The MOST important thing to understand in any of these discussions about choice of "energizing" supply, is that there is NOTHING about the quality of it that can have ANY effect whatsoever on the quality of the OUTPUT from the UltraCap LPS-1.

(It would be like saying your battery powered headphone amp sounds better when jogging if the charger you used the night before was a cleaner supply.)

 

Best,

 

--Alex C.

 

So in reference to above, there's no reason at all to upgrade the Mini to MMK if using the uR?

Share this post


Link to post
Share on other sites
Superdad   
No real misunderstandings, just a guess since there but a brief description so far in the thread. If the optos are used for voltage measuring feedback, the LED needs a modulation so as to provide some kind of PWM on the other side to interpret the value. There are a few approaches of course, the modulation would need to be on the output (load) side, which is not nice, but a quick google search revealed optically isolated voltage sensing modules a plenty like this one. The input impedance is G Ohms so it's invisible to what's being measured. Not dictating what should be done, just to narrow down what methods are used for measuring/feedback for interest.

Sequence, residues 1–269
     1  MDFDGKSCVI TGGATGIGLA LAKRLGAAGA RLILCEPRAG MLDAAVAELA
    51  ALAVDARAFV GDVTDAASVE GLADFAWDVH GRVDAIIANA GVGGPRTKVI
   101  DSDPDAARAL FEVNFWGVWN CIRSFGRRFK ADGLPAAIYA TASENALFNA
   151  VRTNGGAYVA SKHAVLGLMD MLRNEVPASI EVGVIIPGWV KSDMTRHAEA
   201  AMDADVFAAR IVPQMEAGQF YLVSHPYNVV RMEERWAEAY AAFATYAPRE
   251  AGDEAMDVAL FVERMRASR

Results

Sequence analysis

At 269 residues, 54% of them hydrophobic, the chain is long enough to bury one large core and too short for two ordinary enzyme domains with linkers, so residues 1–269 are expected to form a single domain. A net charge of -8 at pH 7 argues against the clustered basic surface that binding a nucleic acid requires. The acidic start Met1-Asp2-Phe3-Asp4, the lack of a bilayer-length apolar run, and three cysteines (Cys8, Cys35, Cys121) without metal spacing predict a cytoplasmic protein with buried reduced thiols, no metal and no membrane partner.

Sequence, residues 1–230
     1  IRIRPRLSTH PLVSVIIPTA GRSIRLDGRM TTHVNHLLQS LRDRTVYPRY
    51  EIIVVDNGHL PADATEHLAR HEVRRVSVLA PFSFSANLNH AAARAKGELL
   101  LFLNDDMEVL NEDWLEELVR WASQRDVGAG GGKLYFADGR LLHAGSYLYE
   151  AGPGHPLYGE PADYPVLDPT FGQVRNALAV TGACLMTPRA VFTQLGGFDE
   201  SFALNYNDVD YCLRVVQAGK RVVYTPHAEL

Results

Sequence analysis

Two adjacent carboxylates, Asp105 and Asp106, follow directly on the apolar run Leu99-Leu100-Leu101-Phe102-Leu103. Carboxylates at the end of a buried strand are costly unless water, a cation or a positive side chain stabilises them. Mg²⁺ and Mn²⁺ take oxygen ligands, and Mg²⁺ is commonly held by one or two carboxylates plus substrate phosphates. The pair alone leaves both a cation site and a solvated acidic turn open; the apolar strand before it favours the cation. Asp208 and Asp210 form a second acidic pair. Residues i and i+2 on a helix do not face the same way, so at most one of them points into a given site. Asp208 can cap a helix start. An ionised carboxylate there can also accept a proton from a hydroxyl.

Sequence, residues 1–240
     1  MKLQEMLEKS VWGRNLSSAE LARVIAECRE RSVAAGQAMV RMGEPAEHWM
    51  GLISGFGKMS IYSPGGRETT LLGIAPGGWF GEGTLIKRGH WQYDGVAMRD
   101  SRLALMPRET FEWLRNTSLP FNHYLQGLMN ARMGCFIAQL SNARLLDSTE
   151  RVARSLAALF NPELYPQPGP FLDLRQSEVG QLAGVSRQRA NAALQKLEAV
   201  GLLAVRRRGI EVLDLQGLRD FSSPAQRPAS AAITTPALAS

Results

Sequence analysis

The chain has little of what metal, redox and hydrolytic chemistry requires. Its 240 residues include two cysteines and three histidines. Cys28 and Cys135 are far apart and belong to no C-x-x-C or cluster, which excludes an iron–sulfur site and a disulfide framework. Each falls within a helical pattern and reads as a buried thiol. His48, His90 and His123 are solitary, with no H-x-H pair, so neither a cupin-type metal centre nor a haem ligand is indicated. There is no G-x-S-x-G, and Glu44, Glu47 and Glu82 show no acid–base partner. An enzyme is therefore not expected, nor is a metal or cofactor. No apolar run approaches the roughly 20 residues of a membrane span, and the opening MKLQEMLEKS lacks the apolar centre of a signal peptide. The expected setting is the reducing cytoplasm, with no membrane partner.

Hi Gary:

 

I appreciate your curiosity and I know you are the type of person that can appreciate the elegance of John's solutions to the MANY and varied technical considerations that went into the design. And I know that John would LOVE nothing more than to explain it all as he worked hard to come up with clever and effective solutions to each of the challenges.

 

But I have asked John to limit his answers and exposition on the technical details, lest he be providing a road map for others to mimic the product. The design will be difficult, but probably not impossible to copy, but it would be best for us not to give away all the fruits of his hard work by sprinkling clues all about. (Other firms do read these forums too. :))

 

While there are some aspects to what he has done that could be patentable, that is long and slow process, and we would rather move fast and continue innovating. Hence our plan to develop UltraCap™ brain modules that could be sold and/or licensed to other manufacturers (though admittedly having patents in place would be prudent for that).